TIGER Woods is like a needle stuck on the 15th track, playing the same old tune, the same old words, round and round again. You ought to know how it goes by now. Fine for the first two days, high hopes heading into the weekend then, somehow, it all slips away.
That, at least, is the way it has been these last five years. Since the most recent of his 14 grand slam victories, at the US Open in 2008, he has ground to a halt in his quest to challenge the 18 majors won by Jack Nicklaus. The problem, on too many occasions, has been the way he finishes tournaments.
Last year at The Open, he manoeuvred himself into a promising position after a pair of 67s at Royal Lytham, only to fall away. That came shortly after a US Open in which he had a 36-hole lead at Olympic, but finished 75-73. In fact, in his last 13 weekend rounds at a major championship, he has broken par only twice. Remember when it used to be the other way around? Remember the Tiger whose grip of a tournament squeezed the life out of everyone else? If he was out in front, he was there to stay and, if he wasn’t, there was a pretty good chance he would get there before close of play on a Sunday night.
At each successive major, the question is whether it will all come flooding back, whether the magic will return. As Woods heads into the final round of this, his 17th shot at winning a 15th title, could it be the one? Certainly, he kept his show on the road in yesterday’s third round, although a 72 left him a shot further off the lead than he was when he started. After a first-round 69 and a second-round 71, he is not heading in the right direction.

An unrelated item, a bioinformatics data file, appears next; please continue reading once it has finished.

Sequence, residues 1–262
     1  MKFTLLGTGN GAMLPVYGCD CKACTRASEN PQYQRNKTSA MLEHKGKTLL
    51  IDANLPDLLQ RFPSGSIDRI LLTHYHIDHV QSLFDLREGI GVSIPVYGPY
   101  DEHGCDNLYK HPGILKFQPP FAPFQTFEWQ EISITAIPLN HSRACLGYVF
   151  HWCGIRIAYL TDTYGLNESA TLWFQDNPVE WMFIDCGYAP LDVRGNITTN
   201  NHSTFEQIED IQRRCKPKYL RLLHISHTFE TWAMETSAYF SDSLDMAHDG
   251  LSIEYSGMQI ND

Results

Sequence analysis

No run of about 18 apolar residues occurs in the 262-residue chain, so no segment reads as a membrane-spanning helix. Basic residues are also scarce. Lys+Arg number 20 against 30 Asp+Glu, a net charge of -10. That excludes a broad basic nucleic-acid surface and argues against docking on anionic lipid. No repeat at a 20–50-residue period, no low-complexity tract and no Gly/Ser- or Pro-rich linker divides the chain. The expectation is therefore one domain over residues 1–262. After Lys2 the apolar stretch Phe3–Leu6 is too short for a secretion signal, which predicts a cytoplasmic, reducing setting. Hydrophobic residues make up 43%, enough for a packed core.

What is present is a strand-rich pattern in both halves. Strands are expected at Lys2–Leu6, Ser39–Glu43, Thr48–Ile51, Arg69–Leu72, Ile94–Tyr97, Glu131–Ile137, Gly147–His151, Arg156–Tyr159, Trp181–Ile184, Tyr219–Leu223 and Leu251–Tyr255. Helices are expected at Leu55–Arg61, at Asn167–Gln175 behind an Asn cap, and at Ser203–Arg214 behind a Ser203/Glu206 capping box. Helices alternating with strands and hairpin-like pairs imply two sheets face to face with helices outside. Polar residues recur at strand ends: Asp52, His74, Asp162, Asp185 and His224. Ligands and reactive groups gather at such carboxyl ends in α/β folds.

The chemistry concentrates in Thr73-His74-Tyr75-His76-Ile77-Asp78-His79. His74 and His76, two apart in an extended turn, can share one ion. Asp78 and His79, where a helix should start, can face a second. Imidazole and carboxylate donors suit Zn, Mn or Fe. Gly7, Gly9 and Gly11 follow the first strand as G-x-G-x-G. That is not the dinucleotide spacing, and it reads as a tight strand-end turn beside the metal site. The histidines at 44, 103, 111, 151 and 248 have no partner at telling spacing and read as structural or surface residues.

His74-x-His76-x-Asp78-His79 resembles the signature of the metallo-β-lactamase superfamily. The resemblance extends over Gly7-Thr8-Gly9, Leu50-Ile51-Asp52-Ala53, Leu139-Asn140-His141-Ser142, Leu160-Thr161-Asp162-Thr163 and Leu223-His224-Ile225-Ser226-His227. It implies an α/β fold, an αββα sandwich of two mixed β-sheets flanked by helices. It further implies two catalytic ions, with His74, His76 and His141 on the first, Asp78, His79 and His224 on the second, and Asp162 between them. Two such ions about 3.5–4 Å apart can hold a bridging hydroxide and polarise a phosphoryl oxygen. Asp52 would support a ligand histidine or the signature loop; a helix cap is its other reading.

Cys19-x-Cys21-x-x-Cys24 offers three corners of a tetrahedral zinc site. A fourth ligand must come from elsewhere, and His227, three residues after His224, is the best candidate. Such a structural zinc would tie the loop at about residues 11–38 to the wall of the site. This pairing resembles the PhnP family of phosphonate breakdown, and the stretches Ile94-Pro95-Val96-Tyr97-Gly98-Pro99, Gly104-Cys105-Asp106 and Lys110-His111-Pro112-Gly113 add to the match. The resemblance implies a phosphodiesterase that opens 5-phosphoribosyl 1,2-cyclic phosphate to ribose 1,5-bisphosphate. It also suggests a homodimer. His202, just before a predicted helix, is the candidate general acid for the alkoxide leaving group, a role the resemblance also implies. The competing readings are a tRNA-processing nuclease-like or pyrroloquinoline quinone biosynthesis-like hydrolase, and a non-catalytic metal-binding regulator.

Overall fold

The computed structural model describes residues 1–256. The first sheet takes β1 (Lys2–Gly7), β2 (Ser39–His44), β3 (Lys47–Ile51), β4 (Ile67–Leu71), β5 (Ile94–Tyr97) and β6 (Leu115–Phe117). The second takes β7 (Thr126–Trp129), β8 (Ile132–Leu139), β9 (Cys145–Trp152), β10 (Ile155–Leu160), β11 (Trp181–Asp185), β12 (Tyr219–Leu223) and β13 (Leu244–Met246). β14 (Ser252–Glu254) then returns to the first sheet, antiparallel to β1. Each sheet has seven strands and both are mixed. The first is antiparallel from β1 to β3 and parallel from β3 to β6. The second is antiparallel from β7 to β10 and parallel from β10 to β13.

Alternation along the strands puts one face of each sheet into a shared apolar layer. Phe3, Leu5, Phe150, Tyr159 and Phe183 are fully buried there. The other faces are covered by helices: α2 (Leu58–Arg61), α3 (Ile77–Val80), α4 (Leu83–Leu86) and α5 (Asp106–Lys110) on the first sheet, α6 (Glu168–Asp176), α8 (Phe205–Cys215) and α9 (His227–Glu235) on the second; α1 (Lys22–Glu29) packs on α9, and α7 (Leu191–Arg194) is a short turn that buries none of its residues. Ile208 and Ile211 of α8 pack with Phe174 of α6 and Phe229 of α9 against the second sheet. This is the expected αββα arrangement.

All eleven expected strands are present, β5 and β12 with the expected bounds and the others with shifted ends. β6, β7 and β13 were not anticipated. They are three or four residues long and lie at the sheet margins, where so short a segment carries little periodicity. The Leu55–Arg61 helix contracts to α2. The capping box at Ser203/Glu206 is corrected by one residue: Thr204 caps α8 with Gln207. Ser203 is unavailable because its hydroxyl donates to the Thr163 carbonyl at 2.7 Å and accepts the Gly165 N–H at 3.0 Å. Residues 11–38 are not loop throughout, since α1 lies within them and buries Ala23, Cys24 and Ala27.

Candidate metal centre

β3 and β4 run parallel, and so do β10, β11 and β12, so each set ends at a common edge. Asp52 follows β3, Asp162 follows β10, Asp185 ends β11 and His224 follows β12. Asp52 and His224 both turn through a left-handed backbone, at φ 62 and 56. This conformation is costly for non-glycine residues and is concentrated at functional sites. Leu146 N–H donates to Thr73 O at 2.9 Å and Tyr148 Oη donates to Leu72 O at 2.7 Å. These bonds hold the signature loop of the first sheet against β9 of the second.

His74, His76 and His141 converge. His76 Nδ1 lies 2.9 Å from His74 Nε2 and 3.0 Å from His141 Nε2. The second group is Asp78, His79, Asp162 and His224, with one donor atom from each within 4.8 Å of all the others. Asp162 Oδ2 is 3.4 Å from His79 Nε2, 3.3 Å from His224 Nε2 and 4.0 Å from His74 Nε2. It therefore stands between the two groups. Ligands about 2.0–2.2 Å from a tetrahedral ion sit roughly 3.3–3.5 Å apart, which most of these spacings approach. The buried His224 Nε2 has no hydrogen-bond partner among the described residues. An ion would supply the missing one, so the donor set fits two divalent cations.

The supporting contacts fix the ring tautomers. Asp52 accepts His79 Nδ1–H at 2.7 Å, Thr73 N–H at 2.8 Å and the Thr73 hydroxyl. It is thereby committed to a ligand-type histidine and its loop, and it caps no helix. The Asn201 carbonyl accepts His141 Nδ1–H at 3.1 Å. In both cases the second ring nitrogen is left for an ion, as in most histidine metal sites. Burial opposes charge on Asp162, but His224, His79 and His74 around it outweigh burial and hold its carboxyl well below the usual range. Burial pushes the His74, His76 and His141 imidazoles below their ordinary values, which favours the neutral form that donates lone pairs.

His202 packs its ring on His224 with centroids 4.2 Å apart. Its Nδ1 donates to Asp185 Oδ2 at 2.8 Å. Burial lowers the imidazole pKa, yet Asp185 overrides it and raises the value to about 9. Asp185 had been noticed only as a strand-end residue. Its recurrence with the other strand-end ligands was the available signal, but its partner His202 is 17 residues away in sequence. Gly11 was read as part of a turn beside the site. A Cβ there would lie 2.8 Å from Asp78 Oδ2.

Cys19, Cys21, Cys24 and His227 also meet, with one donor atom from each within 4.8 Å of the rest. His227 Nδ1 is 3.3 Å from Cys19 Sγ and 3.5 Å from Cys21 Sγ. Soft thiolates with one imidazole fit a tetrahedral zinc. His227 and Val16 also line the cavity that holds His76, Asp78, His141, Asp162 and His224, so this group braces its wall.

Still, as he pointed out last night, there is only one player ahead of him. Lee Westwood, with whom he played here, is two shots better off thanks to a one-under-par 70. After quite a duel in which he and the Englishman frequently traded leadership of the tournament, Woods will go out in today’s penultimate match with Adam Scott.
“I’m looking forward to the challenge of it,” said Woods. “I’ve been in this position before in the past five years. I’ve been in that hunt, that mix. And I’m in it again. Hopefully, I can play well and win the tournament.”
It was put to Woods that he should fancy his chances, despite the deficit. He, after all, has been there and done it often enough, while Westwood, who still aches for that elusive major breakthrough at the age of 40, will have the weight of the world on his shoulders.
“I don’t know,” said Woods. “I’ve got 14 of these things. I know what it takes to win. He’s won tournaments all over the world. He knows how to win. He’s two shots ahead and we’re going out there to compete and play but it’s not just us two. There’s a bunch of guys who have a chance to win this tournament.”
If Woods is to pull it off, he will need to putt better than he did yesterday, when he failed to threaten the hole often enough. Time and again, he left them short and left. He has played it canny this week, bunting irons along the fairway – as he did when he won at Hoylake in 2006 – and babying his putts down to the hole. But, on a day when the greens were not so fiery, he needed more conviction. On the last, he came up a foot short with a putt that would have taken him to within a shot of the lead.
“It was very different today, a lot slower out there,” he said. “The greens were slower. It looked like they didn’t roll some of them or cut them. Eighteen was really slow. There were quite a few guys leaving putts short from below the hole. Lee got fooled a couple of times and so did I. We land the ball in green spots and it sticks. Land the ball in a dry spot and it runs 70, 80 yards.”
So careful did the pair have to be that they were among the slow players who were put on the clock. Not that it detracted from a match that had the usual Tiger entourage. Caddies, scorers, reporters, marshals and so many photographers, scurrying and lying like snipers in the grass that is was as though a small army was advancing from the beaches.
On the face of it, Woods’ round was unremarkable, notable only for its two birdies and three bogeys. But he and Westwood had a fair old tussle for the lead. The Englishman, two strokes behind Woods after the third, was three ahead after the seventh but, as they edged towards the end of an evenly-contested back nine, it was the par-5 17th that made the difference. While Westwood birdied, Woods bogeyed, thanks to three putts and a shot into a bunker that caused him to spit in disgust. Whether it proves to be costly is the question on everyone’s lips.